The John B Keane Lifetime Achievement Award, in association with Mercier Press, was presented in person to poet Brendan Kennelly, who received one of the loudest applause of the evening, in recognition of his outstanding contribution not only to literature but to Writers’ Week. He was one of the founding members in 1970.

The €5,000 Pigott Poetry Prize was awarded to Vona Groarke for her Selected Poems. The adjudicators were Deryn Rees Jones and Lavinia Greenlaw. The two other shortlisted collections were Parvit of Agelast by Maighread Medbh and The Seasons of Cullen Church by Bernard O’Donoghue.

The festival continues until Sunday, June 4th and will play host to Alan Cumming, Helen Lederer, Richard Ford, Sinead Crowley, Lisa McInerney, Jess Kidd, Graham Norton, Liz Nugent, Arja Kajermo, Lisa Harding and Alan McMonagle amon gothers. It will also feature 12 creative writing workshops and the National Children’s Festival featuring Nick Sharatt, Holly Webb, Cathy Cassidy and Sarah Webb. writersweek.ie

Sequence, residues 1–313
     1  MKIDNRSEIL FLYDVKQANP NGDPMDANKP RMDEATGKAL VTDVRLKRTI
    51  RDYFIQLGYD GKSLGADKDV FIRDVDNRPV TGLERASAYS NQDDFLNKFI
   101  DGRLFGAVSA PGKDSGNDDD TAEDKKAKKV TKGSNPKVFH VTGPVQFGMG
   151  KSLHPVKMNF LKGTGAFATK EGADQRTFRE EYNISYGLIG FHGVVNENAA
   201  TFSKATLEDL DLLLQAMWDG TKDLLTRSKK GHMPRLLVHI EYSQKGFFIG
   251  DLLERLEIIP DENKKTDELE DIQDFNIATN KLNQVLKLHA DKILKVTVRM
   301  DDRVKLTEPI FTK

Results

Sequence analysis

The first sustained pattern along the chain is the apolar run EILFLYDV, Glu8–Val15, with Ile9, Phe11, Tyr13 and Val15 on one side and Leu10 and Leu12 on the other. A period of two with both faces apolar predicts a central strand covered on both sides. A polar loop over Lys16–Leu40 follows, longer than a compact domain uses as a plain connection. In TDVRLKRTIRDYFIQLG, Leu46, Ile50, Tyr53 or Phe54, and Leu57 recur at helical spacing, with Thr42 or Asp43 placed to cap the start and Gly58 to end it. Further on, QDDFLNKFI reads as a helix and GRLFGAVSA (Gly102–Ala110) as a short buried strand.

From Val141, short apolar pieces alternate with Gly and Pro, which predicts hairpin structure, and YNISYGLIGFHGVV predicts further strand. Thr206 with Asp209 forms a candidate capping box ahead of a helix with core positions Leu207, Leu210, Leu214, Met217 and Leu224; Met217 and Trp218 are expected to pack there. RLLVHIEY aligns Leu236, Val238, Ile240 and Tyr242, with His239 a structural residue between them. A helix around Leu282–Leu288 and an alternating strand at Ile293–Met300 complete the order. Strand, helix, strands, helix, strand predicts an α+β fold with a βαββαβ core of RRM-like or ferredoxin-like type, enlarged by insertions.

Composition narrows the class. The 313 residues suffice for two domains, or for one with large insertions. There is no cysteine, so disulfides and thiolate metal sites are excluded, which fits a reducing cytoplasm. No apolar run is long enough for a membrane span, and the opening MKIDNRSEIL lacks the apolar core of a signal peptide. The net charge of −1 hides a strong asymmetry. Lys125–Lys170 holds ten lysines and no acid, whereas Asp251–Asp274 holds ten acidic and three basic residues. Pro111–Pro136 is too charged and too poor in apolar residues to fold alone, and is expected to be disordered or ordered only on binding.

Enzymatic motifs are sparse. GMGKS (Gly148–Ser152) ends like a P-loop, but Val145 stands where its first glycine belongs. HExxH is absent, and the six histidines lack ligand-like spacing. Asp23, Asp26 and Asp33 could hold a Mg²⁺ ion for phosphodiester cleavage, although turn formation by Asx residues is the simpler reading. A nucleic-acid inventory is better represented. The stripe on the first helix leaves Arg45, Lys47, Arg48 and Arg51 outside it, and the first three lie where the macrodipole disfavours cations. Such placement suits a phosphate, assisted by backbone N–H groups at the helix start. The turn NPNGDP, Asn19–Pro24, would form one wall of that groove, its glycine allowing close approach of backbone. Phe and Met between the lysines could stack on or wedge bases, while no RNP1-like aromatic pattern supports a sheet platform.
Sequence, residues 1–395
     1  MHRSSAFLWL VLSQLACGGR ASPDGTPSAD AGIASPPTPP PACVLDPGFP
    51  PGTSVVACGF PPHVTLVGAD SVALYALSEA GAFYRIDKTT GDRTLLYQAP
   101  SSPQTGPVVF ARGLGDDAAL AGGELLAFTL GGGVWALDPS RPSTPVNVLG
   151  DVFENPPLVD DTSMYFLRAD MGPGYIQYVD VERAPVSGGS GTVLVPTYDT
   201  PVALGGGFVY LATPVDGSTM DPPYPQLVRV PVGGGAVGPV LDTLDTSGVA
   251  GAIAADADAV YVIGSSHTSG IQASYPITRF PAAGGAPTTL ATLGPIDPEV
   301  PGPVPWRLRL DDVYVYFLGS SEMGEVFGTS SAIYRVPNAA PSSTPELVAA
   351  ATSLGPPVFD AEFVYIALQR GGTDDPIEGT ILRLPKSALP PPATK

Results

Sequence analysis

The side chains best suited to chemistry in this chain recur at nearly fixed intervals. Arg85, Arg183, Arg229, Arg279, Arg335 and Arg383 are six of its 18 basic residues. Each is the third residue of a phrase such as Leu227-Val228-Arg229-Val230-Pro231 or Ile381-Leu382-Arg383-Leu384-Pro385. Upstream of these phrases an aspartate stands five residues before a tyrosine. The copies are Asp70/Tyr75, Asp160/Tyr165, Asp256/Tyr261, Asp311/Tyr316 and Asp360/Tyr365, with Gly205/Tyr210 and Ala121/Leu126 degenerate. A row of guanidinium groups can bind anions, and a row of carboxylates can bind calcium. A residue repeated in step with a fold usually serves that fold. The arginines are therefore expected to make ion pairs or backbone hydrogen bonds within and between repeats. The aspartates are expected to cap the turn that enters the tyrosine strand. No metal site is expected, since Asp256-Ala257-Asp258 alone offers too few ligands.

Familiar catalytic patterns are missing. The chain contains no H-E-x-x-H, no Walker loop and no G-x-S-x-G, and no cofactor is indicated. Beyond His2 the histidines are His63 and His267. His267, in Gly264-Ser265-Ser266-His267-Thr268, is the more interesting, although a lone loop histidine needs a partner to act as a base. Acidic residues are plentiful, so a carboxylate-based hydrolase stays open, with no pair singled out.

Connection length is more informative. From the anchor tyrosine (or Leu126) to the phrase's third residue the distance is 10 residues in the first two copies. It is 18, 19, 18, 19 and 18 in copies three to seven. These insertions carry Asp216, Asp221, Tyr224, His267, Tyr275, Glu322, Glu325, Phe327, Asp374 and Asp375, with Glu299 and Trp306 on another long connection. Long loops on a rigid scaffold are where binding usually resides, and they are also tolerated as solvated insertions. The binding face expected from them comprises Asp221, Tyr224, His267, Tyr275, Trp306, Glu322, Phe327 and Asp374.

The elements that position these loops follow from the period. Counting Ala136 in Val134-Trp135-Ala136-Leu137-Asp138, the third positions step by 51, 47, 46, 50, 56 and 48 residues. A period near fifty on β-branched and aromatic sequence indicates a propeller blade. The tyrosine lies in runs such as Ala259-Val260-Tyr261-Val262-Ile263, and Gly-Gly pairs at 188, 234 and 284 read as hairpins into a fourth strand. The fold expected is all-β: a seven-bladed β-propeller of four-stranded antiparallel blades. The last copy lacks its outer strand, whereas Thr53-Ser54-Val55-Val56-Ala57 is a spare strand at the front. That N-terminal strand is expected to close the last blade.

AL Kennedy and Neel Mukherjee comment on the Kerry Group Irish Novel of the Year shortlist

My Name Is Leon by Kit de Waal
Kit De Waal has set out to create an individual and genuine voice in My Name Is Leon and has succeeded absolutely. This is a novel full of grounded truth. The narrative is emotional without being sentimental and often genuinely moving. Through young Leon’s eyes we see modern Ireland and some of her burning issues – the wounds and frailties of adulthood and the realities of a care system under austerity’s pressures. This is a heartfelt, far-sighted and humane book, shot through with understated grief, necessary humour and a masterly point of view, rendering detail with nuance and accuracy. It is filled with a passionate rage on behalf of the weak and the broken.

Nothing On Earth by Conor O’Callaghan